“Please, please. I’m begging you,” she continued to screech, now in my face, as I tried to disentangle myself from the tight grip she had on my wrists. The office door opened and a nurse yelled “Cindy, stop it, leave her alone. Cindy!” I’d now managed to get myself free but Cindy had grabbed the nurse and was pulling on her cardigan, all the while screeching “You’re a bitch. You’re a fucking bitch! Get my medication you fucking black bitch.”

The nurse eventually pushed me into the office and she followed, turning to slam the door in Cindy’s face with a kiss of her teeth “Oh Lordy Lord. That Cindy. She will be the death of me. I am Ayo. Who are you?”

I breathed a sigh of relief and introduced myself as the Student Nurse. “I don’t know. See how it is here. I pray to God for her sins,” humphed Ayo. “Hmmm. Take a seat. Ah! Here come the staff.” and I turned to see two females and one male puffing away outside, the ciggie smoke belching through the office window. “Tsk, Tut. I don’t know. Smokers, heh!” moaned Ayo as she reached to slam the offending window shut.

Seven o’clock on the dot the three members of staff traipsed in, throwing their coats on top of a filing cabinet. Lisa was first to introduce herself as the RMN, the shift coordinator and my supervisor, and said “That’s Lorna, she’s a qualified (RMN) and that’s Graham the NA (Nursing Assistant).” Where’s the fourth member of staff? I thought to myself.

Morning handover

“Okay.” started Ayo, above Cindy’s screeching. “The lady herself. Cindy, she slept and now she has been shouting before six thirty. Lord help me! Everybody still in bed. Only Sasha, she awakes all night but she stay in her room. Somebody needs to clear her room. I saw the mouse there.” My feet moved on their own, up off the floor as I sat on a desk, and I shuddered involuntarily when I was looking around for the said mouse.

Ayo continued and ended with “Moses needs to see a Doctor and his toenails need to be cut. It’s in the diary for this morning. Now I’m going home. Goodbye!” She pulled off her slippers and put them in her bag then huffed and puffed as she bent down to put her shoes on. She grabbed a large woollen blanket and shuffled out of the door.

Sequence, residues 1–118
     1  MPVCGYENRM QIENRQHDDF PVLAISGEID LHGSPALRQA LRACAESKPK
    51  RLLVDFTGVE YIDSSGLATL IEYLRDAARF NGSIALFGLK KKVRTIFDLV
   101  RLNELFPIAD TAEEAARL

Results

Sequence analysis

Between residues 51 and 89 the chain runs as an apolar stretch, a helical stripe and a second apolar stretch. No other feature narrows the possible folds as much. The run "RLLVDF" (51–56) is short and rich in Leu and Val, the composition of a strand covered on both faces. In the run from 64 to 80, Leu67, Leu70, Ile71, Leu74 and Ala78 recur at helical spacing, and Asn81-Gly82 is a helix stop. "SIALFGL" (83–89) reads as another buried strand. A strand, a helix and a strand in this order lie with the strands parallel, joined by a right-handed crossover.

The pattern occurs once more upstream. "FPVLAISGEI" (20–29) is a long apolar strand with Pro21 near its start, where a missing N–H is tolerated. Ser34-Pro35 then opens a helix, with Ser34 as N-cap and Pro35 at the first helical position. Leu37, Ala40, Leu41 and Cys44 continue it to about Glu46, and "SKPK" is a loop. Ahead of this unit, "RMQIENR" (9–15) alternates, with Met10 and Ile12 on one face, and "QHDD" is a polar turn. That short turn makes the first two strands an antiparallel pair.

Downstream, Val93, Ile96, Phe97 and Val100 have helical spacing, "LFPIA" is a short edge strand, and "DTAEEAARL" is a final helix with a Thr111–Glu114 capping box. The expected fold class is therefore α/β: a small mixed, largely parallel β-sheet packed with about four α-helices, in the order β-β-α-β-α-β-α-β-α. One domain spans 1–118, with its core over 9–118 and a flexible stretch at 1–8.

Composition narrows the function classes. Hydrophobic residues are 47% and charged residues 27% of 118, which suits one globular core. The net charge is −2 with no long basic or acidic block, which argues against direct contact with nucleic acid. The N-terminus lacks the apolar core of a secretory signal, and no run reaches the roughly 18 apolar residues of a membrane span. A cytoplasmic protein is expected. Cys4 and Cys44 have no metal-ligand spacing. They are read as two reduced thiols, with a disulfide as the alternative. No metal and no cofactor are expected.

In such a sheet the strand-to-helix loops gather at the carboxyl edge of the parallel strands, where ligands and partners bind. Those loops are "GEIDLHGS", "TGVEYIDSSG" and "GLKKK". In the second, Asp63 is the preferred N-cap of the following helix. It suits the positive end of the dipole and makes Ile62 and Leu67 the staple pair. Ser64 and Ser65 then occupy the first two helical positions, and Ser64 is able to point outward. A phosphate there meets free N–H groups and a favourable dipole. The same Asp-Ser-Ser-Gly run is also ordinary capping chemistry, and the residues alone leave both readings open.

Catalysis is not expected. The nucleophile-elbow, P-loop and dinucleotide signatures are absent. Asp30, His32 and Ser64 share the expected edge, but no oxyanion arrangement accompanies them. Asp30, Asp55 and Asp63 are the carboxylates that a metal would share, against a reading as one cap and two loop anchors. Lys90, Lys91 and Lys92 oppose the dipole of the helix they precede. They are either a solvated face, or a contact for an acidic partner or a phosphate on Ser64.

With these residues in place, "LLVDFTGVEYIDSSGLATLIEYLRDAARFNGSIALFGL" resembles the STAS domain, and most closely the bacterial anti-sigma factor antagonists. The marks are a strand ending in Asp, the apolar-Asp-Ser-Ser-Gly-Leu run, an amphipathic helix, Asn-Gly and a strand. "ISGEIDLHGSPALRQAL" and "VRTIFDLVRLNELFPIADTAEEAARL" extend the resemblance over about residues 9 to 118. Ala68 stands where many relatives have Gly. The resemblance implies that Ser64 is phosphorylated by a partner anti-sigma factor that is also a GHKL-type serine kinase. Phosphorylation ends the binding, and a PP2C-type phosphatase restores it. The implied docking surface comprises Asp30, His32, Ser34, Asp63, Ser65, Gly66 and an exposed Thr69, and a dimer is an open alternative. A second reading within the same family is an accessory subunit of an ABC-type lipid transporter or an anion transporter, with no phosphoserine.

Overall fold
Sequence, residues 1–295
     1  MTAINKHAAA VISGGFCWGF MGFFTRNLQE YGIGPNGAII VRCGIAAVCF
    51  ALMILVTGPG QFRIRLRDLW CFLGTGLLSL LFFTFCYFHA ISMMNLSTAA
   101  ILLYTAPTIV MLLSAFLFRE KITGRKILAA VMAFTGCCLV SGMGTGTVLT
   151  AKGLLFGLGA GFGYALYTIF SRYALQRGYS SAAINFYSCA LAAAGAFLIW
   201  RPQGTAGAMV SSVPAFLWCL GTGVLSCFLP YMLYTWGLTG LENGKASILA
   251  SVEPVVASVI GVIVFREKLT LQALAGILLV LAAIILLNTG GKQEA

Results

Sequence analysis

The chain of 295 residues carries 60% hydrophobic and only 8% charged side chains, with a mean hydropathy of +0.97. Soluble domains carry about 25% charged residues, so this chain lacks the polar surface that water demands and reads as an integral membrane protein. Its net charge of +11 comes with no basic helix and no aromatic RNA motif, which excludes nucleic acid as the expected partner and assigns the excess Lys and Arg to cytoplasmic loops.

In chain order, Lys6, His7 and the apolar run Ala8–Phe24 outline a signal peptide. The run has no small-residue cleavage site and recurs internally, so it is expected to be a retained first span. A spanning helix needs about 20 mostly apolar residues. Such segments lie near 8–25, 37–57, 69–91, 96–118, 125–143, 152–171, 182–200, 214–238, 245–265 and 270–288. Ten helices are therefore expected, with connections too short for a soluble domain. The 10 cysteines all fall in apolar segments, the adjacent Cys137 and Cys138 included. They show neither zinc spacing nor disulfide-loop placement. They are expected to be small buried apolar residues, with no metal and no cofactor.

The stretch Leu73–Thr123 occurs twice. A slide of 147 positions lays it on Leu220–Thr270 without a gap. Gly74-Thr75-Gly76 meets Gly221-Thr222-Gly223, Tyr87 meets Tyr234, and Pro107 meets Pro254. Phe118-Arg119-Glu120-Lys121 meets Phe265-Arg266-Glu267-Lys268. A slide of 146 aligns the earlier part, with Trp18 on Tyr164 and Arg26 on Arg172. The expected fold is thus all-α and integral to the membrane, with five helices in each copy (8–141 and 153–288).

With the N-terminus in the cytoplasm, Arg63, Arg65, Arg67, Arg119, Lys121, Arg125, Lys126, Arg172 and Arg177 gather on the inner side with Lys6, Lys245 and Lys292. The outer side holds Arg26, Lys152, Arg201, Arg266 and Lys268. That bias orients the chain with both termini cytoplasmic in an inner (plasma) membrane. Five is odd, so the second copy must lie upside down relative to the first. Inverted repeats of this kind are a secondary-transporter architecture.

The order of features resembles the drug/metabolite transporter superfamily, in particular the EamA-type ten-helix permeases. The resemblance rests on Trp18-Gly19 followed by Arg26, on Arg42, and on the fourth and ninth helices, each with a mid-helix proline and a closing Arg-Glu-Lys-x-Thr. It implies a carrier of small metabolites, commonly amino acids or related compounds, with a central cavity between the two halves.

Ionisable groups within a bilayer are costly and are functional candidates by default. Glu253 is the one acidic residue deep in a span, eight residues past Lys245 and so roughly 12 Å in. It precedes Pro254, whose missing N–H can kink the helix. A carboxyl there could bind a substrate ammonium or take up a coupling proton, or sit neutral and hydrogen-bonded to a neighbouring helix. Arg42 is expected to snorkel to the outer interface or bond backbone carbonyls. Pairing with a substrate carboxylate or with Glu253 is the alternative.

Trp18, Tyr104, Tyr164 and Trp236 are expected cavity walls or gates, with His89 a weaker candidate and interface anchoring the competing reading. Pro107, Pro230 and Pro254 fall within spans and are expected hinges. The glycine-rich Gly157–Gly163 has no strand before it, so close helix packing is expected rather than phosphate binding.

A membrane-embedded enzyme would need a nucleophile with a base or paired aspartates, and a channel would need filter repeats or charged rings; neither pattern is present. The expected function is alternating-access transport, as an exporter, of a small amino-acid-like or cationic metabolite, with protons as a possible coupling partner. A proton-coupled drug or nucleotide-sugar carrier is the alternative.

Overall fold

Lisa went through the diary, handed out tasks to the other two and said she was doing medication and that I should shadow her. Lorna went off to wake up the other nine patients that lived in the ten bedded unit and Graham wandered off to the kitchen to prepare for breakfast.

Medication

With our coffee, Lisa and I went to the medication room, we were met with Cindy who was still gulping in great lumps of air, wringing her hands and saying “Thank you Lisa.” and “Thank you nurse.” to me. Yes, I could get quite used to being called Nurse.

“Right Cindy. You know we start titrating down your Diazepam today.”

“No, please Lisa. Not today. I can’t cope. I can’t cope!” Cindy screamed.

“Nought point five milligrams Mandy. You won’t even notice it.” Lisa tutted and turned to me. “She’s been on thirty milligrams three times a day for years and you can see it doesn’t reduce her anxiety. So we’re going to try titrating down while she’s in Rehab.” Cindy lived in a one bedroom flat and had apparently relapsed over a period of six months prior to admission to an acute ward. Once stabilised she was transferred to rehab.

Cindy had generalised anxiety disorder (GAD) which is a long-term condition that causes you to feel anxious about a wide range of situations and issues, rather than one specific event. 

People with GAD feel anxious most days and often struggle to remember the last time they felt relaxed. As soon as one anxious thought is resolved, another may appear about a different issue. Titration looked like it would go on forever, reducing her Diazepam by nought point five mg three times a day. However, Cindy eventually accepted the reduced dose and greedily swallowed down all her medication, followed by gulps of water, then scurried off to the dining room.

Breakfast

We continued until each patient had had their medication then joined everyone for breakfast in the dining room because, on rehab, we were encouraged to eat with the patients each mealtime. Lisa waffled something about nurses having a responsibility to role model table manners and eating with the patients was supposed to encourage healthy eating. I wasn’t sure that this was an evidence-based intervention but I went along with it anyway.

Coffee and toast with jam was just what I needed but as I sat to eat I was immediately struck by an offensive odour. One older lady to my left had obviously not washed or brushed her teeth, yet there was another disgusting smell.

Graham screwed his nose up and said “She’s just sat there and shit herself and carried on eating!” to nobody in particular. “That’s Elsa.” he whispered with an Aberdonian accent. “She normally goes to the toilet but she uses her clothes to wipe herself and then hides them down the back of the toilets, eh Elsa?” he now boomed. “Elsa, say hello to Nancy, she’s our new student.” Elsa’s face was buried in the huge breakfast she was picking up with her teeth. She raised her head and gave me a toothless grin.